Market pullback persists as China concerns prompt new selloff
More signs of distress in China's economy and rising bond yields led to a broad sell-off in stocks Monday, leaving key market indexes down more than 5 percent from their record highs last month.
It was the first 5 percent decline -- referred to on Wall Street as a "pullback" -- since November.
Pullbacks that occur during bull markets tend to be "nasty and brutish" -- but short, said John Manley, chief equity strategist at Wells Fargo Funds Management. He said it's common to get declines of 3 percent to 7 percent "as the market restores a reverence to risk to the investing public."
U.S. trading started with a slump Monday. The market recovered much of its loss, then fell back again. By the close of trading the big stock indexes were clinging to modest gains for the second quarter, which ends Friday.
Before Wall Street opened for trading on Monday, Asian markets were already sharply lower, led by a 5 percent plunge in China's Shanghai Composite Index. That was the index's biggest loss in four years. The decline was prompted by a government crackdown on off-balance sheet lending, which made investors worry about China's economic growth.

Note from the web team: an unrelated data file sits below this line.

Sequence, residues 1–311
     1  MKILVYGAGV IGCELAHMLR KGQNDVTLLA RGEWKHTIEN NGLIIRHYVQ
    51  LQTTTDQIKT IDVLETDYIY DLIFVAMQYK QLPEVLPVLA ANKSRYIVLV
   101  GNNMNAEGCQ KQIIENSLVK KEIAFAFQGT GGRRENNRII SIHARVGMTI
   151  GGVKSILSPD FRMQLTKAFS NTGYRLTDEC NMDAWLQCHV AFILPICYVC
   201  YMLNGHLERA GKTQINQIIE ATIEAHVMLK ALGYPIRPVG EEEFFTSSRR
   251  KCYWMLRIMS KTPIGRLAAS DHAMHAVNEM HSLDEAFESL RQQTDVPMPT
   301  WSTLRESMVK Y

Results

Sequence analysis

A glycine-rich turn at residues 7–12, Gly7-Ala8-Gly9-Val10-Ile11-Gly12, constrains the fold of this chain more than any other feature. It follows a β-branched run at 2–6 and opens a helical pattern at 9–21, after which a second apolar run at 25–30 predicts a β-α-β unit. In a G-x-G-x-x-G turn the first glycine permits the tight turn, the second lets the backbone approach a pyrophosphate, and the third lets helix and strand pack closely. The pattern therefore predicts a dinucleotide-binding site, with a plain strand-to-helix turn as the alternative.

U.S. traders took one look at that and started dumping stocks. The Dow Jones industrial average fell as much as 248 points in the first hour of trading. Stocks got closer to break-even around midday before falling again in the last hour. The Dow finished down 139.84 points, or 0.9 percent, at 14,659.56. The S&P 500 index fell 19.34 points, or 1.2 percent, to 1,573.09. The Nasdaq dropped 36.49 points, or 1.1 percent, to 3,320.76.
All 10 industry groups in the S&P 500 fell. The biggest drop was 1.8 percent for bank and financial stocks. Bank of America fell the most among major bank stocks, giving up 39 cents, or 3.1 percent, to $12.30.
The S&P 500 is down 5.7 percent from its all-time of 1,669 on May 21. The Nasdaq has fallen 5.2 from its own recent high on that day.
Markets remain vulnerable to any comments from the Federal Reserve about its $85 billion in monthly bond purchases, which have kept interest rates at historic lows and helped drive the stock market's rally the last four years. On Wednesday and Thursday, the S&P plunged 3.9 percent after the central bank said its bond-buying program could wrap up by the middle of next year as long the economy continues to improve. Stocks edged up Friday, but still had their worst week in two months.
"I think investors are overreacting to the prospects of a change in Fed policy," said Gary Thayer, chief macro strategist for Wells Fargo Advisors. He noted that unemployment is down, inflation is low. "These are good economic conditions."
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